Local photographer Jamie Sinclair captures how residents, businesses and organisations came together during the early days of lockdown.
Sinclair was walking to his favourite local cafe, Mae + Harvey, in mid-March, when he noticed that they had transformed into a makeshift convenience shop.
‘They were just completely changing their model on the fly. They were losing business but they were just doing what they could to keep going. They were selling milk, flour and other products that had run out in supermarkets.’ The owners of Mae + Harvey would eventually go on to be in this photo essay.
Impressed by how the entire community was adapting to these new and strange circumstances, Sinclair went out to capture how everyone: businesses, individual residents and organisations, were helping one another.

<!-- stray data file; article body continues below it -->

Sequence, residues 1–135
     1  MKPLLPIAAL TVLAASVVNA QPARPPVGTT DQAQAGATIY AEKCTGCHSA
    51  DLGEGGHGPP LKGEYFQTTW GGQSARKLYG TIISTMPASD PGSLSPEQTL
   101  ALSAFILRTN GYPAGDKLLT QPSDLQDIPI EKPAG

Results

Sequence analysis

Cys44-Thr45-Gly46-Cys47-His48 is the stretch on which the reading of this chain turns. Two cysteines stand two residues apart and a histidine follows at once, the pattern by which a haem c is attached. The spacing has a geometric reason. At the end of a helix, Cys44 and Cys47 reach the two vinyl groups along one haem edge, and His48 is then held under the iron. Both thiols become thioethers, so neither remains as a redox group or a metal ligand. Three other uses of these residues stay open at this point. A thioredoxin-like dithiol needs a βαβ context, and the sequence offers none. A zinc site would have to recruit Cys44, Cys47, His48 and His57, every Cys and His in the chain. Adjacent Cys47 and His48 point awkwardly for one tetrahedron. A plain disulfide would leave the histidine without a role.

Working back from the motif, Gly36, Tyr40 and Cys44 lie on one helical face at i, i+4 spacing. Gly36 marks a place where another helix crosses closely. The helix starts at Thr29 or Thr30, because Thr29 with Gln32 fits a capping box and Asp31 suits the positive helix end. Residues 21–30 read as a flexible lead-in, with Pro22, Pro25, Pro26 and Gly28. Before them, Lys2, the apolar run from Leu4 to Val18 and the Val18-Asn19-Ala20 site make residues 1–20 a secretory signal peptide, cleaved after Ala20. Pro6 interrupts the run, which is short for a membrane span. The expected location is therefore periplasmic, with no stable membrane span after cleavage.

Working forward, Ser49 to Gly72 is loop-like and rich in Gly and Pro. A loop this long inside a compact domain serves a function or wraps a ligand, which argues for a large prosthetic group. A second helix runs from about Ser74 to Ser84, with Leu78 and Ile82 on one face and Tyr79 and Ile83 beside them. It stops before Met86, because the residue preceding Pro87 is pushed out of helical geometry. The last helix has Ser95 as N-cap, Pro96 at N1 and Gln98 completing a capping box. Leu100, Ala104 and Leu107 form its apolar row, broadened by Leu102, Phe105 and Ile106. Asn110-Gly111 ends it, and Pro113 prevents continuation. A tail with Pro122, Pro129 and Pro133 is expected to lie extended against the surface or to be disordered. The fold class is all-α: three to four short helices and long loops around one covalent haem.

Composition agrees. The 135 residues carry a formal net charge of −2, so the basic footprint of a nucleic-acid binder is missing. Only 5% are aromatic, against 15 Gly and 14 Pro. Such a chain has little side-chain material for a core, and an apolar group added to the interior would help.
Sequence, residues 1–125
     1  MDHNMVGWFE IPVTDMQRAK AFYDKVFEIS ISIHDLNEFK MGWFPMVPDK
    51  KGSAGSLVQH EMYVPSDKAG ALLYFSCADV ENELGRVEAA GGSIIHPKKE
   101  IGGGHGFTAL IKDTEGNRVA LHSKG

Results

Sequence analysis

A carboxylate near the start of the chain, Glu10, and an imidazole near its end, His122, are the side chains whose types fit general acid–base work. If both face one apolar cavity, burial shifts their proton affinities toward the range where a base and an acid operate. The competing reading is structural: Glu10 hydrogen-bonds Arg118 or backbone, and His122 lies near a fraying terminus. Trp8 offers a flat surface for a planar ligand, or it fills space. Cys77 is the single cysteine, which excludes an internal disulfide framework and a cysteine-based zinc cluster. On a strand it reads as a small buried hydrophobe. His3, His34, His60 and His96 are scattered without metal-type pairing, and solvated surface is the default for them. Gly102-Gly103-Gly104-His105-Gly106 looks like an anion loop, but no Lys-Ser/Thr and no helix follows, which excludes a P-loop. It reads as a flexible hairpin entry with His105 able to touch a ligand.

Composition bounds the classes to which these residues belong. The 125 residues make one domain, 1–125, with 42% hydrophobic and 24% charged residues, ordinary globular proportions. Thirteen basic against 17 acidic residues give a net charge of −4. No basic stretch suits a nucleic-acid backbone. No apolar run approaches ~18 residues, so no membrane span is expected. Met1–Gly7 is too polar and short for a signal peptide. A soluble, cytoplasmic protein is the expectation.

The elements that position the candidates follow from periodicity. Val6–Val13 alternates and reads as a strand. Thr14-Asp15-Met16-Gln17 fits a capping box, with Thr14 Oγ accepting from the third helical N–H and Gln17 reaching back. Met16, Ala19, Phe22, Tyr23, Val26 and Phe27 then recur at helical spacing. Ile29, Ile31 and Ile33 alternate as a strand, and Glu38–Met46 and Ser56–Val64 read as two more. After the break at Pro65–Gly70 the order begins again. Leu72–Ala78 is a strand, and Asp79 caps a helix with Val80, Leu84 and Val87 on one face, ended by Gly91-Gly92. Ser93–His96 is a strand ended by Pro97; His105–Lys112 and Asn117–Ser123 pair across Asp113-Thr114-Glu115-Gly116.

He photographed Barge East and Zoe’s Ghana Kitchen, who were both involved in charitable efforts volunteering and donating food to key workers, all while their own businesses were closed.
‘Part of the project was about businesses helping people and in turn, those people supporting local businesses,’ says Sinclair.
He also photographed individuals involved in local Covid-19 mutual aid groups.
‘Everyone just jumped into action, helping out their neighbours who are mainly strangers to each other,’ he says.‘The core of the project was to capture positive actions by local people.’
In fact, the more he looked into the local area, the more deeds of goodwill and solidarity emerged. The photo essay below also shows ‘socially distanced bookswaps’, where neighbours would leave books for each other on public spaces, and trolleys of donated food carted from St. Paul’s Old Ford Church to Bow Foodbank.
These photos are taken on film, usually during sunsets and sunrises, to achieve their naturally warm colouring.
If you liked this, you might also enjoy this photo essay of local people’s photographs of life in lockdown.
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